Originally Posted by Howe_zat
As for the general point, I think it's pretty hard to say which role is going to be better for the average. Sure there are more deliveries to negotiate from the top order but there are also more deliveries to play yourself in with. How often have we heard about batsman playing "selflessly" and gifting wickets away at the end of an innings? Nobody's going to moan about Jos Buttler's average of 14 from this series, we all know why he got out on 14 and we think he did pretty well. Conversely "playing for the average" is usually associated with playing more deliveries than you ought to be doing, isn't it?
I never ever suggested that Dhoni plays for the average. He doesn't. Nor did Bevan. That is not what is implied when I bring up the not outs point. In fact, Dhoni is one of the greatest team players India has EVER produced.
What Dhoni has done, and Bevan before him, is to understand the limited overs game much better than most cricketers. They realise that it is NOT all slam bam stuff that is required in this format. That is what Dhoni was doing in the early part of his career. But the bright guy that he is, he quickly realised that it was much better to play a smart game with the end result in mind than just playing to the galleries. It would have been easy for him to do the latter. No one expected anything different from him but he changed it on his own and put it even more emphatically in practice when he took over the captaincy with no one to 'order' him when to go hammer and tongs.
With the result his strike started dropping even as his average started picking up. He did not bother about the murmurs that were heard, including amongst some fans, about the new Dhoni. In fact, the helicopter shot was almost shelved completely till he suddenly brought it out in the current series in a modified version where he used it to hit boundaries rather than hit for sixes.
Dhoni, like Bevan, has understood that a very good run rate can be obtained by a pair of very good runners between the wickets who did not take undue risks in the middle overs when run rates drop and efforts to boost them can result in a fall of wickets which reduces the capacity to score at an express pace in the last few overs.
That is why with someone like Raina, for example, and even Sachin Tendulkar on the few occasions they have batted for a long period together, he has shown how very quick runs can be scored while preserving wickets. Bevan did the same. These are very smart cricketers. This is why he is different from Afridi who, talent wise is superior to Dhoni but has cow-dung between his ears.
A cricketer who can run quickly between wickets, keep rotating the strike, maintain a very decent strike rate even if a tad bit lower than the nail-biting edge-of-the-chair fan expects keeps the team very much in the run for he trusts his ability to score at an express rate towards the end. However, if wickets fall, even the best of strikers, Afridi, Razzaq, Kluesner et al, may not be able to score at 10-12 runs per over in the last 5-8 overs if the rabbits are at the other end. After all even the best of batsmen need just one good ball or one error of judgement to lose their wicket.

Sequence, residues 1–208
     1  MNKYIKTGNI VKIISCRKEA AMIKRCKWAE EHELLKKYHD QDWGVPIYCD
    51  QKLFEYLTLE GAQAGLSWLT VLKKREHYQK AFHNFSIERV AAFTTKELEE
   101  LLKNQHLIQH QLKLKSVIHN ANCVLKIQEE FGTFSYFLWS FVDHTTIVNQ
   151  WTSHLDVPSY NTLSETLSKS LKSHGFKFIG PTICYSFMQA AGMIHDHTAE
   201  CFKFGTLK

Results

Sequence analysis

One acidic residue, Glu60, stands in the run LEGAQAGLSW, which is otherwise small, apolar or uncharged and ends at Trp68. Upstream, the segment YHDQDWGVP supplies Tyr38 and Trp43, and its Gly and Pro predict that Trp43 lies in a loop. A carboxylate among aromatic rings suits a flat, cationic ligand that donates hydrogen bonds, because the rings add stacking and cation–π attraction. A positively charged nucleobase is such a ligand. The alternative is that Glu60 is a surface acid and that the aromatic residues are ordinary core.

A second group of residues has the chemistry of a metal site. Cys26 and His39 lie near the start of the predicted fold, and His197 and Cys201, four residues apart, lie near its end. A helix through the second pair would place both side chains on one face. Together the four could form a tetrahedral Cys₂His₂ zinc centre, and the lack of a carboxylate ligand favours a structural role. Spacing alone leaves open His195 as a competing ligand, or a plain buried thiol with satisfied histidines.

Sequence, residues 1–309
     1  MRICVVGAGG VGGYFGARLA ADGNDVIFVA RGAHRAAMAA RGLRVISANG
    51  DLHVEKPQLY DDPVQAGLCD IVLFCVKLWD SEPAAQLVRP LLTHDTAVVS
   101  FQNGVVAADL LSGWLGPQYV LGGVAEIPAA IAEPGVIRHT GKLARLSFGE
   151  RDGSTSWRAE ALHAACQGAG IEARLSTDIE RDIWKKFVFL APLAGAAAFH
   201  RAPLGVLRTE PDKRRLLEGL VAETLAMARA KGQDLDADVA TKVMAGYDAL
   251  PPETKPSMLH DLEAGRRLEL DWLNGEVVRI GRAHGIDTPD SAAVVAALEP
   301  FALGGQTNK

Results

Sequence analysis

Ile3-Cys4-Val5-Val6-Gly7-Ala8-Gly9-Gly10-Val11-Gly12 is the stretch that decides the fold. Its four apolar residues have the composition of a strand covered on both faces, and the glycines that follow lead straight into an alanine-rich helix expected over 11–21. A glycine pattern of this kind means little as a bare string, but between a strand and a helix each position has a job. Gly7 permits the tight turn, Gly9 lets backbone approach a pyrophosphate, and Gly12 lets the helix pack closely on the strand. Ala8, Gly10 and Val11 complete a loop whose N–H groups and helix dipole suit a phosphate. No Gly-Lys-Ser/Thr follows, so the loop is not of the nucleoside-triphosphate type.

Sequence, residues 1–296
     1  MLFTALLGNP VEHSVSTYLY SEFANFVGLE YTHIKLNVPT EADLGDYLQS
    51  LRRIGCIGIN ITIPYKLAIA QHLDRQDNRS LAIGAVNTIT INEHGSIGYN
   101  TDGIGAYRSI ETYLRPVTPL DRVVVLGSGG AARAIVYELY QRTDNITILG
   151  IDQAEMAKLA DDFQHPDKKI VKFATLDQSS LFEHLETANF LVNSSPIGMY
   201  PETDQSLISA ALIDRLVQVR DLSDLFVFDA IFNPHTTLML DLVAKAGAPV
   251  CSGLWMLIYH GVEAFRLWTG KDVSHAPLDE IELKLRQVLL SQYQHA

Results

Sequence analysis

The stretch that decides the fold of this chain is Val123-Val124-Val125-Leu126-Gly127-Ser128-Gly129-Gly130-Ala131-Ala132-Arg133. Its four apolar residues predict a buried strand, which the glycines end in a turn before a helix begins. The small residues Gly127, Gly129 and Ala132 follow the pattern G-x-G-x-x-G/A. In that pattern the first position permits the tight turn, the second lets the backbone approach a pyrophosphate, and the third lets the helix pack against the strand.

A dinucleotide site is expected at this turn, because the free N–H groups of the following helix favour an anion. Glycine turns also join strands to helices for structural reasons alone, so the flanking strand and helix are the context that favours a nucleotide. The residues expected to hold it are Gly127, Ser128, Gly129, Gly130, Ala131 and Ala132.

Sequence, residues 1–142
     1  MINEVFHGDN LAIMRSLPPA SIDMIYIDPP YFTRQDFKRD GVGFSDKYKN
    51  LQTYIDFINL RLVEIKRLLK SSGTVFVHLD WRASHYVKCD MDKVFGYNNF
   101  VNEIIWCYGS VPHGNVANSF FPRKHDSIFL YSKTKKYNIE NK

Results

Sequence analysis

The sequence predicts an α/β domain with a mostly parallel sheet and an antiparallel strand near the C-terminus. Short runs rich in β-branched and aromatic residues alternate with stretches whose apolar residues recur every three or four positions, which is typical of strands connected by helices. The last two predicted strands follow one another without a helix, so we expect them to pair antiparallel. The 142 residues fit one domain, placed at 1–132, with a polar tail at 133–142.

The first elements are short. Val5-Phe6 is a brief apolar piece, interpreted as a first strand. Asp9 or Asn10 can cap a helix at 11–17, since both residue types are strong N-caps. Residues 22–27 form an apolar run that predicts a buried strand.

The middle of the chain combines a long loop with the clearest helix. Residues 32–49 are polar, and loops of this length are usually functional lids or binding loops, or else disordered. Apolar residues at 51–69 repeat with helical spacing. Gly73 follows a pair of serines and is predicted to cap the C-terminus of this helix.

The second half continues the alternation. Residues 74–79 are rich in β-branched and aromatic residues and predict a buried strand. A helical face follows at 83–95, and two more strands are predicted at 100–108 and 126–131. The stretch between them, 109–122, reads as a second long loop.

Dhoni also knows, to an incredibly fine degree of perfection, when to switch gears. This perhaps, is his greatest attribute. Of course, he will fail at times and fall before he has moved to top gear and the team's cause may suffer since he consumed far too many deliveries batting in the lower gear but he thinks, and rightly as we have seen, that the percentage of this happening is low enough to make the tactic more than worthwhile. is the big hotting. Bevan is not in the same category as Dhoni in this so we find Bevan maintained a relatively more even rate of scoring in the initial and latter stages of his innings - of course scoring faster in the latter part. Dhoni's two gears are pretty far apart which is what leads to cynicism amongst some. I was among those once but it became clear soon enough that this man knew exactly what he was doing.
Mind you Dhoni has limitations, severe limitations, in batting technique. This comes from virtually no formal coaching whatsoever. But how he has overcome it is a marvel, I do not recommend any one to copy Dhoni's technique but that does not mean one can't look at him and admire what he does with the complete bottom hand and wrist dominated batting with hardly any backlift and not much follow through as well !!
So Dhoni is a gem but we need to understand his batting and admire him even when comparing him with others and not use his average to do so.
By the way, the 42,2 that he averages when he comes in to bat in or before the 25th over is not given by me to show him in poor light. Most top order batsmen in the world would give away anything to average that. So no one needs to be defensive about his average batting early. I was only trying to show how averages can vary when a good batsman comes in with fewer overs left.
So he is a gem. I do not deny that. But he is not the greatest one day batsman, nor was Bevan and averages are not the way to decide where to place Sir Vivian Richards in that very short list